World · July 2, 2022

Putin carries out ‘economic terrorism’ in Ukraine through a mining operation: the official warns

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Russian President Vladimir Putin has embarked on “economic terrorism” in Ukraine by filling its farmland and Black Sea ports with explosive mines, an official working to mine Kiev told Fox News.

“There are already more than 20 years of mining work in Ukraine and another 30 days of mining work are required for each day of the war,” Cameron Chill, CEO of drone company Draganfly Inc. (DPRO), told Fox News. his return from Kiev.

Chill partnered with Ukrainian emergency management services to deploy drones to efficiently detect buried mines left behind by Russian forces after they withdrew from areas around Kiev in late March.

Draganfly officials help Ukrainians detect mines after Russian forces withdrew from Kiev.

Draganfly officials help Ukrainians detect mines after Russian forces withdrew from Kiev.
(Libellula Inc.)

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However, the drone expert said where Russian troops left the explosive devices speaks volumes about the war Putin is raging against his former Soviet neighbor.

“They showed us some fields that seemed like there was no reason to bomb them. There wasn’t even real action in the area, according to what we were told,” Chill described. “The thing is, if you inadvertently go bomb hectares and hectares [of land] – is unusable.

“It becomes an unusable and unproductive land and it would appear that it is some kind of economic terrorism,” he added.

The war in Ukraine has been dragging on for more than four months. In April, Russian officials said Moscow’s ambition in Ukraine was to gain “full control” over its eastern and southern regions, although Kremlin officials only made this announcement after failing the first time to take Kiev after a month of fighting.

Officials on the ground have said that this war is more than regaining former Soviet territory: it is about paralyzing Kiev.

A tractor at work in Ukraine which, together with Russia, accounted for 30% of world grain exports before the war.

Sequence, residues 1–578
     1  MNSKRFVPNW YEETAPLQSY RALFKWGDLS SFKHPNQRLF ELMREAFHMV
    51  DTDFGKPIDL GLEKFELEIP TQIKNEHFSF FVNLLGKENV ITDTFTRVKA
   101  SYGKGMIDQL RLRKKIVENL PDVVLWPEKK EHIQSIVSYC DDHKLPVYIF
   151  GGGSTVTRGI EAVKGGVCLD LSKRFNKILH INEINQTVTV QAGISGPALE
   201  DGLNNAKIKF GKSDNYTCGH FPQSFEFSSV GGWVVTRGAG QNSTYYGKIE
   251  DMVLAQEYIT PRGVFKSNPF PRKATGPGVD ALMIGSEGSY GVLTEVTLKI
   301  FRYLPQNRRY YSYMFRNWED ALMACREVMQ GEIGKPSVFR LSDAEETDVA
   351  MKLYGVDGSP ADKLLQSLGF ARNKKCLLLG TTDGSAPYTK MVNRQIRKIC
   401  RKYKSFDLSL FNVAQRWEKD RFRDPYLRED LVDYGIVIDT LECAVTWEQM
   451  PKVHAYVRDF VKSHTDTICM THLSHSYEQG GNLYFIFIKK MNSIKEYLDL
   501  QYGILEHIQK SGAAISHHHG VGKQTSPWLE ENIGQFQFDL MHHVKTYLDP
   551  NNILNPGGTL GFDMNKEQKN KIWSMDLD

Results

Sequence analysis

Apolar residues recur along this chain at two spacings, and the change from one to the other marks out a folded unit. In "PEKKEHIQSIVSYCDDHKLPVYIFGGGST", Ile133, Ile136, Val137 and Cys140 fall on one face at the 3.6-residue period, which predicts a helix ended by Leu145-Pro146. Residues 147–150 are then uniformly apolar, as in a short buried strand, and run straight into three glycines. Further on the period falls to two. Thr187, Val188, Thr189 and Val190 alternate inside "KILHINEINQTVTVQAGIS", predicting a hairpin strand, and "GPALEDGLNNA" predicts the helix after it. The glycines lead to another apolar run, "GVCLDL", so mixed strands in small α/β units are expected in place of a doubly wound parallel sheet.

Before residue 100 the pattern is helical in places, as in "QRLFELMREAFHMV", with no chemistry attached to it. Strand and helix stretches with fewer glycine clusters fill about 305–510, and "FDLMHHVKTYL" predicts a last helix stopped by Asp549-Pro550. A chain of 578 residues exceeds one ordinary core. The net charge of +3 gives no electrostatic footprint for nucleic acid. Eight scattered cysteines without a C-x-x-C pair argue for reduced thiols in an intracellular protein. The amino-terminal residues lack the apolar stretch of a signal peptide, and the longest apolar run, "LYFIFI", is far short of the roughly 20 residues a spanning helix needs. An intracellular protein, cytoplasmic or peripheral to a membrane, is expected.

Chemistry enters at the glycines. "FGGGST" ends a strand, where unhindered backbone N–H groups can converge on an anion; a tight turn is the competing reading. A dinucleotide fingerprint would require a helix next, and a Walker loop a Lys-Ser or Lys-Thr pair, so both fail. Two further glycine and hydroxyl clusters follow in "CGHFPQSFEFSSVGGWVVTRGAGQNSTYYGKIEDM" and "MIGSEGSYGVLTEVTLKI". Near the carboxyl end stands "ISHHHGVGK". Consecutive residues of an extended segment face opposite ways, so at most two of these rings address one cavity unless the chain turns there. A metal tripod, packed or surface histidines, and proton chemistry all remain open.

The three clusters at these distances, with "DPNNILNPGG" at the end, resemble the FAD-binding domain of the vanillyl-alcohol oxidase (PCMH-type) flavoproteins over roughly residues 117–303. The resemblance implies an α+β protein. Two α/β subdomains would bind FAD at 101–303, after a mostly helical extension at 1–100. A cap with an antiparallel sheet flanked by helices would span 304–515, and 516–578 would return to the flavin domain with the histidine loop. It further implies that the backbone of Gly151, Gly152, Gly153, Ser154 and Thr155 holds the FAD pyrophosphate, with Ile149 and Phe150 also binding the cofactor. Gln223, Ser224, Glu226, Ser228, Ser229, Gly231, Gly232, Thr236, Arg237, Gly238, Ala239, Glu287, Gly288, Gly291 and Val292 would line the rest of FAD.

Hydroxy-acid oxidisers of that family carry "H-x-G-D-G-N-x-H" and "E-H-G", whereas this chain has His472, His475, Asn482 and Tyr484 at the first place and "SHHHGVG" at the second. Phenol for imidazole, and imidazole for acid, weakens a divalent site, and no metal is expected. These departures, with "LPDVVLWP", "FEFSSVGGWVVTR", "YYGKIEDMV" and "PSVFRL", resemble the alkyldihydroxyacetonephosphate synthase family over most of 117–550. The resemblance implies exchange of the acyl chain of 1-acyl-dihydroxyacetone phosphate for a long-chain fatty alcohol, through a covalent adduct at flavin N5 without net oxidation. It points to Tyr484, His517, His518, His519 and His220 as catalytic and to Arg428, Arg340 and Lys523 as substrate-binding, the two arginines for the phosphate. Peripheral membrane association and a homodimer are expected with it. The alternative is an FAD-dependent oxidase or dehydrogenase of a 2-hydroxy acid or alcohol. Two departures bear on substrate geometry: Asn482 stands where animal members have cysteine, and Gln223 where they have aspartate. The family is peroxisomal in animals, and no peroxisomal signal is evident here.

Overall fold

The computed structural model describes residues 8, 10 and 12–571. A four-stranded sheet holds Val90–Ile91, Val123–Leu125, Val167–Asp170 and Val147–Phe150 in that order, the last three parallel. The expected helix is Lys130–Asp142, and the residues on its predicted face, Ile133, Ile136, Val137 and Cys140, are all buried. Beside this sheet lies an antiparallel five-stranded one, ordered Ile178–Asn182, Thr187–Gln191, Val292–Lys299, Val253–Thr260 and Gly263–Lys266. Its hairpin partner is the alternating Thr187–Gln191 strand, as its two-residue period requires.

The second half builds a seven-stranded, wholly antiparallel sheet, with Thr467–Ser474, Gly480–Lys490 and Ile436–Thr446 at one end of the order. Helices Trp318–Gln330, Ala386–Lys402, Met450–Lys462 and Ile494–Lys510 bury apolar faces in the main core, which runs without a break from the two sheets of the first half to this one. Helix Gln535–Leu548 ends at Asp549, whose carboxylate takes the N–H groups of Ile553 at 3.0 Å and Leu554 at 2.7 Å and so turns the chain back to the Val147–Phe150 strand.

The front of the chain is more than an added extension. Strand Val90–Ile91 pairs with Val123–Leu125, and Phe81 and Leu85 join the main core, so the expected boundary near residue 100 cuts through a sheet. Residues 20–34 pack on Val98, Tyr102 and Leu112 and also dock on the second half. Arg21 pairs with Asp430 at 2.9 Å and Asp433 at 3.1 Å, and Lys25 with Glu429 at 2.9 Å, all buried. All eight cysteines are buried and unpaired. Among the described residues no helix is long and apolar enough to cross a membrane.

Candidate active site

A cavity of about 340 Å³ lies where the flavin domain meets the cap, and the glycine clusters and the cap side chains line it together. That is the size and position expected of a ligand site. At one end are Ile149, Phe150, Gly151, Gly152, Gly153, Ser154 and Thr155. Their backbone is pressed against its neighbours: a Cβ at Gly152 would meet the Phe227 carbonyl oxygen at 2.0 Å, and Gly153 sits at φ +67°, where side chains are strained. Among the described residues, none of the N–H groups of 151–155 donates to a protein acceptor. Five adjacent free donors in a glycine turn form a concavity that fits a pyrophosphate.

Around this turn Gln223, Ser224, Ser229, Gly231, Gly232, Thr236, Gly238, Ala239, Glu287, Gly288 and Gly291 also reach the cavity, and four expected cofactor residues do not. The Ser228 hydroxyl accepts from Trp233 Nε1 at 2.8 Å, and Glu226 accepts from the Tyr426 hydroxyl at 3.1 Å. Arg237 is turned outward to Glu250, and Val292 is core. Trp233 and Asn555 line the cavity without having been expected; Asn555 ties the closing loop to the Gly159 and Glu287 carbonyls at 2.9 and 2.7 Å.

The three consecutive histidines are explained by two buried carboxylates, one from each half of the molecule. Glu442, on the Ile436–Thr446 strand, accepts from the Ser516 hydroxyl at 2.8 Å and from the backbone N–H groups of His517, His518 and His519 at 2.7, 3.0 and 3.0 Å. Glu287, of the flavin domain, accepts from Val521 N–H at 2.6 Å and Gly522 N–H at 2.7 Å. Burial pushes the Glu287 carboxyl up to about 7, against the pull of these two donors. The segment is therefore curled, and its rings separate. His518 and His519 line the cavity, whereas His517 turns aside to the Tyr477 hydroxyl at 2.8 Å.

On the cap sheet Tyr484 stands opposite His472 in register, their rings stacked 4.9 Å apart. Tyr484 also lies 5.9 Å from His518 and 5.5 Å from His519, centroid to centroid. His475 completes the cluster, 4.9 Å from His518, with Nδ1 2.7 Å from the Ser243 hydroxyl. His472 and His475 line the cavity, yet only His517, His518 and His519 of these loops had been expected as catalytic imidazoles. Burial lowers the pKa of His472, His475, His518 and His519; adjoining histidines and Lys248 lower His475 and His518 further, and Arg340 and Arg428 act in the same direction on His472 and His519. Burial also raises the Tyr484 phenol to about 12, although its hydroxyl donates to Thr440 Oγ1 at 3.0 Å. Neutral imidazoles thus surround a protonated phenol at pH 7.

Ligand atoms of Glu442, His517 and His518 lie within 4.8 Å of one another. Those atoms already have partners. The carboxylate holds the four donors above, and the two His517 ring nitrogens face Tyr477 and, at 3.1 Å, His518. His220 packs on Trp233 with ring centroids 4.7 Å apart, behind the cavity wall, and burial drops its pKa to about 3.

A tractor at work in Ukraine which, together with Russia, accounted for 30% of world grain exports before the war.
(United Nations World Food Program)

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Chill said Ukrainians remain steadfast in their determination to repel the Russian offensive.

“There’s a very pragmatic approach to ‘Ok, what does this really mean in the next year, three years, five years, 10 years,'” he said. “I haven’t met anyone who expected this to be done by Christmas.

“Morale is resilient,” Chill added.

The number of anti-personnel mines deployed by Russian forces across Ukraine remains unknown, but by mid-May the Ukrainian authorities had reported as many as 80,000 mines and other explosive devices that had already been found, registered and disabled.

“Ukraine is now by far the most mined country in the world,” Chill said.

Draganfly officials help Ukrainians detect mines after Russian forces withdrew from Kiev.

Draganfly officials help Ukrainians detect mines after Russian forces withdrew from Kiev.
(Libellula Inc.)

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Draganfly’s drone technology is not yet capable of detecting underwater mines, but its ability to find and record landmine locations is not only a safer method, it could speed up the demining process by up to 40%.

Drone technology is also being explored to help disable mines, though the expert said the most effective way to remove the threat from underground explosives is still to train personnel to individually disable bombs.